Australia avoids ADHD medication 'frenzy'

Australia has escaped an ADHD frenzy that appears to be sweeping the United States, according to a leading paediatrician.

Nearly one in five teenagers in the US and 11 per cent of schoolchildren overall have received a diagnosis of attention deficit hyperactivity disorder (ADHD), US government data shows.

The figures show a 41 per cent rise in diagnoses in the past decade. Two thirds of those diagnosed are prescribed stimulants such as Ritalin, the New York Times reports.

Australia has a more conservative approach, with 3-5 per cent of children diagnosed.

Overall, one in 100 boys and one in 200 girls is on a stimulant program.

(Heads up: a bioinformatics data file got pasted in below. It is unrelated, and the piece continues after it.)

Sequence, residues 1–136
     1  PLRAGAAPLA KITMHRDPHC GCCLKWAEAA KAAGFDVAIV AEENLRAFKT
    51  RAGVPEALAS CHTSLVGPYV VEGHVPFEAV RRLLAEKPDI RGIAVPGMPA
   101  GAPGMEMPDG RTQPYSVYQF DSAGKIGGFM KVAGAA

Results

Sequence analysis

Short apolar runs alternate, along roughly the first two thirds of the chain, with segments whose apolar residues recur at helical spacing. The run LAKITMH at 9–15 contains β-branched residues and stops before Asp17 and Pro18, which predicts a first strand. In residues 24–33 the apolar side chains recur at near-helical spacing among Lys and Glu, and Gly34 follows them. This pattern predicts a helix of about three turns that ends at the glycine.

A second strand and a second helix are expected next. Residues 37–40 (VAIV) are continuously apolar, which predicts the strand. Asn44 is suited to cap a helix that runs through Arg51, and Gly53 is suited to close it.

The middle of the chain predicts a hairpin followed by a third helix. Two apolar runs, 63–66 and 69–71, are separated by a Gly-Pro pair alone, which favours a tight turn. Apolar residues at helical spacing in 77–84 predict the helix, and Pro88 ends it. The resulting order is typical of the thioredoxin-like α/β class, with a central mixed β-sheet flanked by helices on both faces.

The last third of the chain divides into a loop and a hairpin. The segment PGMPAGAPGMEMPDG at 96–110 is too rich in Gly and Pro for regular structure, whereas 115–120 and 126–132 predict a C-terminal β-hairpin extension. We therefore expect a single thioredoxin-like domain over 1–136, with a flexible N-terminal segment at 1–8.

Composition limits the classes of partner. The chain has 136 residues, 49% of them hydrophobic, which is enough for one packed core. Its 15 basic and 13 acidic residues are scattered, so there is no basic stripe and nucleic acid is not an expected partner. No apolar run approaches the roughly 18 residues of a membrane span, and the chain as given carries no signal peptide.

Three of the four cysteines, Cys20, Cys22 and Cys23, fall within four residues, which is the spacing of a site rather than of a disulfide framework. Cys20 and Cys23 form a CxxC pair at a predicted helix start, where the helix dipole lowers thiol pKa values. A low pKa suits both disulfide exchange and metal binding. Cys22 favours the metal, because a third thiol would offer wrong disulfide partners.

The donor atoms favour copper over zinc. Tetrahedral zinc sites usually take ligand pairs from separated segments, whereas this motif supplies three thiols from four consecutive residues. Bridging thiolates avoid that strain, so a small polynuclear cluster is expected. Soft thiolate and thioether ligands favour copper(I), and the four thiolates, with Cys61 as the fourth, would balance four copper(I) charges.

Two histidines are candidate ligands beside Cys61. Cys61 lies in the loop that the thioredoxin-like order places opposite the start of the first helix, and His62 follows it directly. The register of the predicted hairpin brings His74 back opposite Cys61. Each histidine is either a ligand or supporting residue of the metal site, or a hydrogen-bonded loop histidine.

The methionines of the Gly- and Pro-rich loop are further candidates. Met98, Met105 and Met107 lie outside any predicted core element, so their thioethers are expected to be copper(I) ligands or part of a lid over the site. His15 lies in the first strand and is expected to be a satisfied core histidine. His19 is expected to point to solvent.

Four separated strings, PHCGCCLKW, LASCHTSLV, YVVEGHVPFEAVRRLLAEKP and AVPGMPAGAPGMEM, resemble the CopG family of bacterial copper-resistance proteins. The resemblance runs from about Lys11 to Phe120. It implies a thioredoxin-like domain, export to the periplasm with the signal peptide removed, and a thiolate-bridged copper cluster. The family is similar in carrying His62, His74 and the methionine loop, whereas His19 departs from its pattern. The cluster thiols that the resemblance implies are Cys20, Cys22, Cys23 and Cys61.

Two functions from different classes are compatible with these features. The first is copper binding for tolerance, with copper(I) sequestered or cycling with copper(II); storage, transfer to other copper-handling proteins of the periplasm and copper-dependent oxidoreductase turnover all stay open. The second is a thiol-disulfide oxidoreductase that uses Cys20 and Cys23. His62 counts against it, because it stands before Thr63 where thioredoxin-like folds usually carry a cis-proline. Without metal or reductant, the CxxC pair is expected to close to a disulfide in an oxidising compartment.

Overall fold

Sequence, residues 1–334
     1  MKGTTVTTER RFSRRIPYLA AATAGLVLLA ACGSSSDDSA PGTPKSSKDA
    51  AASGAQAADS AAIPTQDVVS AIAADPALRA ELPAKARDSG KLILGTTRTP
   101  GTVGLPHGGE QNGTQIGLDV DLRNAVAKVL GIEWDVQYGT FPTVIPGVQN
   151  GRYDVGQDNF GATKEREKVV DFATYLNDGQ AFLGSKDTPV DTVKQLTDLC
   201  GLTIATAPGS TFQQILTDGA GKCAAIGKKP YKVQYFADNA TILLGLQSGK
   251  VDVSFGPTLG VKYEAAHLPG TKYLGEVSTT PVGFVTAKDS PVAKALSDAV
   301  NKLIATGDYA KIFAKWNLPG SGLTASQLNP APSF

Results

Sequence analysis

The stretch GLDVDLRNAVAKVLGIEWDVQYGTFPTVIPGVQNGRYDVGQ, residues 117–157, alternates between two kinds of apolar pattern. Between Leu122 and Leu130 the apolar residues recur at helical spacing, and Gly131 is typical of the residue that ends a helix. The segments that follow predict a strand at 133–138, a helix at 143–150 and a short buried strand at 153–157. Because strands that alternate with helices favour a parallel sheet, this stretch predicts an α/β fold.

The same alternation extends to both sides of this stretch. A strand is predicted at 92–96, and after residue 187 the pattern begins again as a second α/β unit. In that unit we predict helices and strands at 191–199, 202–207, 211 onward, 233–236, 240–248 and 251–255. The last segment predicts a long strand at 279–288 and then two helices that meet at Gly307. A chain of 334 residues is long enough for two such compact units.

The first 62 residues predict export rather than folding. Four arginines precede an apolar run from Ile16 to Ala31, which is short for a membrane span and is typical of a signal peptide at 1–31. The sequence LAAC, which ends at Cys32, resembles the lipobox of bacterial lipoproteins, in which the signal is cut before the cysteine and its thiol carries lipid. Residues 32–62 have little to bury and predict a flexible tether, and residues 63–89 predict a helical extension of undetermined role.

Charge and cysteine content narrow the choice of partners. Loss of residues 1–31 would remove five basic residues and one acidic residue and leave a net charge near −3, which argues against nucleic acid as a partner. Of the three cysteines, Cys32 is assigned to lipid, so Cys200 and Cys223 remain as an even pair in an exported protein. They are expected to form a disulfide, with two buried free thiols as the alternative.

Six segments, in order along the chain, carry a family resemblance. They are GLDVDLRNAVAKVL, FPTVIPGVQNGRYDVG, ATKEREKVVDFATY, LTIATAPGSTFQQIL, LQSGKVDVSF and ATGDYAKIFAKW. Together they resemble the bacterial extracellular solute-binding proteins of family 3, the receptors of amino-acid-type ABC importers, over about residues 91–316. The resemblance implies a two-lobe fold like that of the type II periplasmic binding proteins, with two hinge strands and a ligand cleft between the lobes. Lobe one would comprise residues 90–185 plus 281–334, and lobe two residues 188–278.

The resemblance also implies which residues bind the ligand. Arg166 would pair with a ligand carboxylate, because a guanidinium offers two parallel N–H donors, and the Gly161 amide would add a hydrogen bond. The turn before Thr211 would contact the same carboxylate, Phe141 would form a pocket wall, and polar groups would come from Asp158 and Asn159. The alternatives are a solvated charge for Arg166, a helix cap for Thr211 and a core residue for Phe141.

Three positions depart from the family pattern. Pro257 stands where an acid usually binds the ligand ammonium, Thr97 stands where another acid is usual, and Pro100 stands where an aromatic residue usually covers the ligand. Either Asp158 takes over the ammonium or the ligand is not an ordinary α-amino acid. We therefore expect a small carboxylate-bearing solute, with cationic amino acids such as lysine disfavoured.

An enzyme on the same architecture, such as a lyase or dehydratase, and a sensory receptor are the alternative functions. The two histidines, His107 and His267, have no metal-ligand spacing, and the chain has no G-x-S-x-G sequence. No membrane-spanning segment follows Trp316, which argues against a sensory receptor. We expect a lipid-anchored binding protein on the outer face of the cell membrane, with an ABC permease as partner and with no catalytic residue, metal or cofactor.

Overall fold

"That is vastly different to the US," said Dr Daryl Efron, a consultant paediatrician at the Royal Children's Hospital in Melbourne.

"We have data that shows there is not overprescribing in Australia."

One of the differences is that direct-to-consumer advertising for prescription drugs in the US is not permitted in Australia.

This advertising can lead to US parents putting pressure on doctors, Dr Efron said.

Also, in Australia, stimulants can be prescribed to children only by a paediatrician or child psychiatrist, and only after a GP referral.

Dr Efron said a paediatrician will prescribe medications only if a child is significantly functionally impaired at home and at school.

Professor Jon Jureidini, an Adelaide child psychiatrist, agrees the rate of diagnosis is more conservative than in the US, but he's "very concerned about the level of prescribing". AAP

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